A sermon by Rev. James Ishmael Ford for the First Unitarian Church of Providence, RI, given on December 7, 2008
To Light One Candle
Amnesty International as a Guide to a Complete Spiritual Life
There's a story I would like to share with you. It was inspired by the writing of Loren Eiseley. Eiseley was a very special person because he combined the best of two cultures. He was a scientist and a poet. And from those two perspectives he wrote insightfully and beautifully about the world and our role in it.
Once upon a time, there was a wise man, much like Eiseley himself, who used to go to the ocean to do his writing. He had a habit of walking on the beach before he began his work.
One day he was walking along the shore. As he looked down the beach, he saw a human figure moving like a dancer. He smiled to himself to think of someone who would dance to the day. So he began to walk faster to catch up. As he got closer, he saw that it was a young man and the young man wasn't dancing, but instead he was reaching down to the shore, picking up something and very gently throwing it into the ocean.
As he got closer, he called out, "Good morning! What are you doing?" The young man paused, looked up and replied "Throwing starfish into the ocean." "I guess I should have asked, why are you throwing starfish into the ocean?" "The sun is up and the tide is going out. And if I don't throw them in they'll die."
“But young man, don't you realize that there are miles and miles of beach and starfish all along it. You can't possibly make a difference!" The young man listened politely. Then bent down, picked up another starfish and threw it into the sea, past the breaking waves.
"It made a difference for that one!"
This past Thursday evening I met with the Stewardship committee. If you’re not a regular churchgoer, you might never have given any thought to how a church supports itself. Or if you have perhaps you think the money raised during the offering does the trick. Let me tell you, it doesn’t. What supports most churches, and certainly all “free churches,” of which we Unitarian Universalists are one, are the voluntary pledges of its members and friends. Pledges are made, in our case sometime early in the spring, a budget is finalized and approved by a congregational vote, and through that you get what you see here, and hopefully more.
Stewardship is the committee that is charged with the task of helping folk think about the place of money in our church life, and make those critical pledges. So, there I was. Frankly, with the economy where it is, I was more than a little anxious. Fortunately, we had a guest presenter, Laurel Amabile, from our UUA denominational offices in Boston. She was great. Particularly as she reminded us, well, at least me that while money is important, it’s our mission, our work which is what it’s all about. And so she pushed us at that meeting not to focus on the mechanics, which will come, no doubt, but rather on the why.
That led to quite a discussion. We were being pushed to reflect on the heart of this community, the First Unitarian Church of Providence. We talked about our history. We talked about our present. We speculated about our future. And within that conversation I felt some things begin to take shape, a picture of who we are and, most important, why we are.
Then we started to reach for some sort of summary statement, a word or two to capture our sense of what we’re about. Our immediate past president Neil Bartholomew suggested, “growing our ministries.” I liked it. Nice slogan for the stewardship campaign, I thought. But as Neil and I looked around the table we were met with silence. In retrospect Neil’s slogan touched the institutional wonk part of my heart, and I suspect his. And, no doubt, that word ministry is magical. To minister, after all, means to serve. But really, while close, no cigar. Growing ministries is what follows. We needed to dig a bit deeper, to go, as it were, closer to the bone.
Then Steven Koelz suggested we’re here to “thrive.” Thrive! I immediately loved it. As did most all of us, actually I think all of us. Thrive is a lovely English word apparently derived from the Old Norse, meaning to grasp. Later that evening as I read the etymology, I couldn’t help but think of our ancestor Henry David Thoreau writing in Walden.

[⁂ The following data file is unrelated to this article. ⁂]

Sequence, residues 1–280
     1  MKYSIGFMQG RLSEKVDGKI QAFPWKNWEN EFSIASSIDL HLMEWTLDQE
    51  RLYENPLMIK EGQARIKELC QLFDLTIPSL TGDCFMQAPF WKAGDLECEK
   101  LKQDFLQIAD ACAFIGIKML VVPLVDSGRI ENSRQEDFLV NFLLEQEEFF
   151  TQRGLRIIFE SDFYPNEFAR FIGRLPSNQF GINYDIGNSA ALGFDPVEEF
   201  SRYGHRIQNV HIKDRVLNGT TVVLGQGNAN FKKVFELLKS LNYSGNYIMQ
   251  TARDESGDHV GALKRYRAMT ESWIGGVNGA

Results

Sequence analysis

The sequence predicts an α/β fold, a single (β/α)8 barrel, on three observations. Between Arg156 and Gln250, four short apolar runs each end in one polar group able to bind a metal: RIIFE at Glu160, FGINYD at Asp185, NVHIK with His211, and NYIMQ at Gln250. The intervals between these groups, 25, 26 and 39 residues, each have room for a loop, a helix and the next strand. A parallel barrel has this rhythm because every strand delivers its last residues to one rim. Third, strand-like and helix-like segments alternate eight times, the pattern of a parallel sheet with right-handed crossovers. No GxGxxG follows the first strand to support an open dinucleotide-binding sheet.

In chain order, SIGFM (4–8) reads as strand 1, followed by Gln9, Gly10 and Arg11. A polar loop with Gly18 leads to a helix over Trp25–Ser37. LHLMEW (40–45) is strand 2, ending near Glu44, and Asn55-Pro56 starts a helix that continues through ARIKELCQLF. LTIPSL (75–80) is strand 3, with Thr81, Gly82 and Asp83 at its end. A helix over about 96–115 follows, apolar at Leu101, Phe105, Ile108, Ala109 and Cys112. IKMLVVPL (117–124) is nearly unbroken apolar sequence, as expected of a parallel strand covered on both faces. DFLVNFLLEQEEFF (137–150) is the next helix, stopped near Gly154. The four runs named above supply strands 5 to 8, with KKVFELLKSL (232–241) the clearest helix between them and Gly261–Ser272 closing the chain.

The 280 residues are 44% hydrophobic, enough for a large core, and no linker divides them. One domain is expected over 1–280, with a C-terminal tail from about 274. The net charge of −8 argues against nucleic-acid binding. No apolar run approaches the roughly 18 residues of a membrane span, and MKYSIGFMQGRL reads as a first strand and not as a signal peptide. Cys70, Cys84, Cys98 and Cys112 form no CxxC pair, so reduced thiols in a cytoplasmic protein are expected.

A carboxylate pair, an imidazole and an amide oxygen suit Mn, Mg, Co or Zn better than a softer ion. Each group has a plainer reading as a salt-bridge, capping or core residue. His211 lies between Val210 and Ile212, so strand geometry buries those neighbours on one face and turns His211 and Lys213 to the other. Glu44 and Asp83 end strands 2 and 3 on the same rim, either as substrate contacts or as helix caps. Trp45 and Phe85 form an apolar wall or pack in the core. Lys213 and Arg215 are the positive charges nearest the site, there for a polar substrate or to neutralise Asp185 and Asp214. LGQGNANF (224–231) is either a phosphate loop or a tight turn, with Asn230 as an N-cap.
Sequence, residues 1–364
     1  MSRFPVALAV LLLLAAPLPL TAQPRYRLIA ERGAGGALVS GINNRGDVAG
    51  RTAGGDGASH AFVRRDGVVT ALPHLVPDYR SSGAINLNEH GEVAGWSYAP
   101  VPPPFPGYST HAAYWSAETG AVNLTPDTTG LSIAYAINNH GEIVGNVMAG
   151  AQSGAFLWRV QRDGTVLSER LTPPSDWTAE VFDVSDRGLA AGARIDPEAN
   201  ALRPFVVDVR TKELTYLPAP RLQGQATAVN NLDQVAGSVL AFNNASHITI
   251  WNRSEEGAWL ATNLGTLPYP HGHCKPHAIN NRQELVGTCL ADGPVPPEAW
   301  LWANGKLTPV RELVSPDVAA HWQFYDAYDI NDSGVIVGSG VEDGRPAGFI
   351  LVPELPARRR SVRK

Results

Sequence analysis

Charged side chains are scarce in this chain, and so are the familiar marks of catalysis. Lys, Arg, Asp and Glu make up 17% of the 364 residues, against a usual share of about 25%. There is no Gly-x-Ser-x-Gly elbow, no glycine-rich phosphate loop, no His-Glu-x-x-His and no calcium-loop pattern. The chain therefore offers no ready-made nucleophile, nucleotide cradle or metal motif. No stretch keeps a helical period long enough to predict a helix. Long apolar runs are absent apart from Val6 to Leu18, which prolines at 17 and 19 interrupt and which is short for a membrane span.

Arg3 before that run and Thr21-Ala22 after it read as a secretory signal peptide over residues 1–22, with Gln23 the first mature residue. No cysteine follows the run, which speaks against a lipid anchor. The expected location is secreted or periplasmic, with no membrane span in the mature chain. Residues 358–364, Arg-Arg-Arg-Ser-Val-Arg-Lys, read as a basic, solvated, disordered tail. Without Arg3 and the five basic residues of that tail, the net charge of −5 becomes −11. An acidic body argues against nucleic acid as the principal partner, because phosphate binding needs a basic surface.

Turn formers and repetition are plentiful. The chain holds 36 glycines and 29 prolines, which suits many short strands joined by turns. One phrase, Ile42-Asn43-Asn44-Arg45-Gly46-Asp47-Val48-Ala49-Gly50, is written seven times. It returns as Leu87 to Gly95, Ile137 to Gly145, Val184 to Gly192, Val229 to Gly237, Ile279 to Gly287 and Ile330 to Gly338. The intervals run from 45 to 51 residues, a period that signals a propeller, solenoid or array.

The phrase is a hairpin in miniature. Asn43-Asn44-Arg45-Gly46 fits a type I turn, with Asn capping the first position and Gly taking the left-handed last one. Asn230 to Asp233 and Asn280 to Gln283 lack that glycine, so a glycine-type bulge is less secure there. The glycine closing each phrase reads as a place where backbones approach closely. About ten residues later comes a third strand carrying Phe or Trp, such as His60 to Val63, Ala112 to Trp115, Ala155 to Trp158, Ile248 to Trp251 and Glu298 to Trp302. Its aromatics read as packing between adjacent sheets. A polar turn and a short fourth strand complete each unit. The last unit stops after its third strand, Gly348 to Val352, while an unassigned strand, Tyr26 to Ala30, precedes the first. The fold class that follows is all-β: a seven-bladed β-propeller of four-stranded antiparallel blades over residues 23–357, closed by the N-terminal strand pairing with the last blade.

“I wanted to live deep and suck out all the marrow of life, to live so sturdily and Spartan-like as to put to rout all that was not life, to cut a broad swath and shave close, to drive life into a corner, and reduce it to its lowest terms, and, if it proved to be mean, why then to get the whole and genuine meanness of it, and publish its meanness to the world; or if it were sublime, to know it by experience, and be able to give a true account of it…”
Most of us who have gathered into this Meeting House have survival down. Specifics may be shaky, but in general we know we will survive. We gather here, many of us, I think most of us; because we intuit there might be something more to our lives than putting food on the table, a roof over our heads, and getting some entertainment while we wait to die. We’re here driven through those doors by the same impulse as drove our ancestor Thoreau to the woods.
What we share is an intuition that survival isn’t enough, that we want to thrive. The desire to thrive is the spark of genius that lives like a seed within every heart. Margaret Fuller another great Unitarian transcendentalist like Thoreau, observed, “Genius will live and thrive without training, but it does not the less reward the watering- pot and pruning-knife.”
To thrive is a natural part of life. But intentionality brings it to the fore. Generally we need to cultivate that seed, that desire to thrive, and grow it. We come into a place like this seeking the watering pot, looking, if warily, for the pruning knife. Of course what we find in a UU church is a whole raft of watering pots, and a drawer full of knives. The tools are here, but we, each of us, must take responsibility for our own journey. We find inspiration from each other, we get the benefit of the insights of those who have walked the way before, but we must, ultimately take responsibility for our own thriving.
My primary task as our called minister is to present some of the possibilities. I’ve certainly devoted a lot of my life to understanding these things. Along the way I have found some disciplines that have particularly worked for me. And I’ve observed other ways that seem consonant with our liberal religious predilections for reasonableness and for bringing mind and heart together. From this pulpit and elsewhere I try to share some of these insights into the way of flourishing, our shared path of thriving. And to point out when we seem to get off track. As best I can, by my best lights.